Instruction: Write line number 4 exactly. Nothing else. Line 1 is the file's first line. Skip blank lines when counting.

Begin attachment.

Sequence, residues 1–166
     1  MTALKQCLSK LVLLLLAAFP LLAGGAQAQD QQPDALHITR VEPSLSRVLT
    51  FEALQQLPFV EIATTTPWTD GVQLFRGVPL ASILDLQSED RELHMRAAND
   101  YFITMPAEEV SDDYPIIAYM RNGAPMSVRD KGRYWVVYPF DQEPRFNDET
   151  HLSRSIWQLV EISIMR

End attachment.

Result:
   101  YFITMPAEEV SDDYPIIAYM RNGAPMSVRD KGRYWVVYPF DQEPRFNDET